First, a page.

Here’s a subtle improvement I bet you would never notice if I didn’t point it out, but which should save much pulling-out-of-hair for those who previously ran into this issue…
XNA supports two different color formats: byte values ranging 0-255, or floating point values ranging 0-1. The Color struct had constructor overloads accepting either format:
Color(byte r, byte g, byte b); Color(float r, float g, float b);
Well and good, until someone tries something like:
Color x, y; Color z = new Color(x.R + y.R, x.G + y.G, x.B + y.B);
That seems straightforward, but falls foul of an unfortunate interaction between two parts of the C# type system:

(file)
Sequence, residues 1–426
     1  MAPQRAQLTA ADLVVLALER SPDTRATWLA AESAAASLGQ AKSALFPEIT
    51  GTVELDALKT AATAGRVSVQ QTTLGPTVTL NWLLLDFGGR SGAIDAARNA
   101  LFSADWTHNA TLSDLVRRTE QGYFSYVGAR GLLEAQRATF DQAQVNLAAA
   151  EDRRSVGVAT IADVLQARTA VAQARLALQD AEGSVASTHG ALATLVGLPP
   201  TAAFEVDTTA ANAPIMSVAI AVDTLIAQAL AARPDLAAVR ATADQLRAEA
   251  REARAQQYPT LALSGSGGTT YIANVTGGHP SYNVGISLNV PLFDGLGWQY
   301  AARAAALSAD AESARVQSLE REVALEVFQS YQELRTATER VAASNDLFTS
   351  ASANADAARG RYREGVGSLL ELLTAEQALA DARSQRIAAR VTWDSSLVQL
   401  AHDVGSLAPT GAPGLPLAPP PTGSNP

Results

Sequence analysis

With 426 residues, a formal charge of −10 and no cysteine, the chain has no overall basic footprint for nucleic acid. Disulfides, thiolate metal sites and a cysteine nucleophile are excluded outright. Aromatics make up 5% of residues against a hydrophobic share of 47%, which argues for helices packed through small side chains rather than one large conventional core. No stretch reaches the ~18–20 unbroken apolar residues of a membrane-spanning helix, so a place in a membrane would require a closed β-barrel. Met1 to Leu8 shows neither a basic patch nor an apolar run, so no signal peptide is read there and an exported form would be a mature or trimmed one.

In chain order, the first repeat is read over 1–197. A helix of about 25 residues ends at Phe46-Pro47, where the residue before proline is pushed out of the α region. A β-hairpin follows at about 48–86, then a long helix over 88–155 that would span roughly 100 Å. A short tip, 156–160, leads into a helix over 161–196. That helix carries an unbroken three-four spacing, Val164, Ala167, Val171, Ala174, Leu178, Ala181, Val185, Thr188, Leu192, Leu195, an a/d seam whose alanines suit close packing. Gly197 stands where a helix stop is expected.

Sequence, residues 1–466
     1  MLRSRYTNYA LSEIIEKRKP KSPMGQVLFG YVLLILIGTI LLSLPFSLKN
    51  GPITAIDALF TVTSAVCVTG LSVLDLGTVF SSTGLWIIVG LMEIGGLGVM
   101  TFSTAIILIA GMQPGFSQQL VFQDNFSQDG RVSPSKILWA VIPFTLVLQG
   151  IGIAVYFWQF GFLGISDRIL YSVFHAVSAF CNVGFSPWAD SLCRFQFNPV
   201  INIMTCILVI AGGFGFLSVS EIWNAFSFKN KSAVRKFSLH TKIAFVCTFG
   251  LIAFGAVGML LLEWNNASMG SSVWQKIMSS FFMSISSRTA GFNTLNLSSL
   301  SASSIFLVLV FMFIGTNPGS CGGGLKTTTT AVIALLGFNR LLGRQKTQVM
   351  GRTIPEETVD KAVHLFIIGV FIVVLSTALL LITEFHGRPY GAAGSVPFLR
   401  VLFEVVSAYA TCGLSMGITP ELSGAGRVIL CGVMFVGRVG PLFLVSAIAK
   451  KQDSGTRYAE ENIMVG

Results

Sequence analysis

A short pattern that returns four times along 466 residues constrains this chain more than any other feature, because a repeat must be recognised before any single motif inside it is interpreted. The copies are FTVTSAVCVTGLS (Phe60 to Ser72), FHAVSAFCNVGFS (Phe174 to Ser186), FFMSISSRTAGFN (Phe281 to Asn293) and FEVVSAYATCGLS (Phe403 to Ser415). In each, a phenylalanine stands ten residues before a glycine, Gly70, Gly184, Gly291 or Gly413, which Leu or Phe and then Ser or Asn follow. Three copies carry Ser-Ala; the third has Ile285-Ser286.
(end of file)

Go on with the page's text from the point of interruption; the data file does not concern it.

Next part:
- When you do math on 8 or 16 bit types, C# automatically promotes the result to a 32 bit integer. Although x.R and y.R are bytes, the result of x.R + y.R is an int.
- When you pass integer values to a method that has byte and float overloads, C# method resolution rules choose the float version, because int -> float is considered a better conversion than int -> byte.
Result: values mysteriously end up 255 times larger than you intended. Colors saturate to pure white. Attempted alpha fades saturate to fully opaque. Confusion ensues.
In Game Studio 4.0, we changed the Color constructor overloads to take ints rather than bytes:
Color(int r, int g, int b); Color(float r, float g, float b);
- If you pass bytes, you get the int version, which gives the same result as before
- If you pass floats, you get the float version
- If you pass the result of doing math on bytes, you get the int version, which was what you wanted all along!